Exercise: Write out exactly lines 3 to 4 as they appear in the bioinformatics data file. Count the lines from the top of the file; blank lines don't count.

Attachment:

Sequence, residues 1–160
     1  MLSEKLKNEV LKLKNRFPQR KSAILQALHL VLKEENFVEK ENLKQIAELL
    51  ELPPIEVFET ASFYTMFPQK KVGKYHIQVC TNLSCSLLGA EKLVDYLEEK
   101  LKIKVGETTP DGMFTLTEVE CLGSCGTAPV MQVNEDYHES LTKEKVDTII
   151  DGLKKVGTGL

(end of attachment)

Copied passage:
    51  ELPPIEVFET ASFYTMFPQK KVGKYHIQVC TNLSCSLLGA EKLVDYLEEK
   101  LKIKVGETTP DGMFTLTEVE CLGSCGTAPV MQVNEDYHES LTKEKVDTII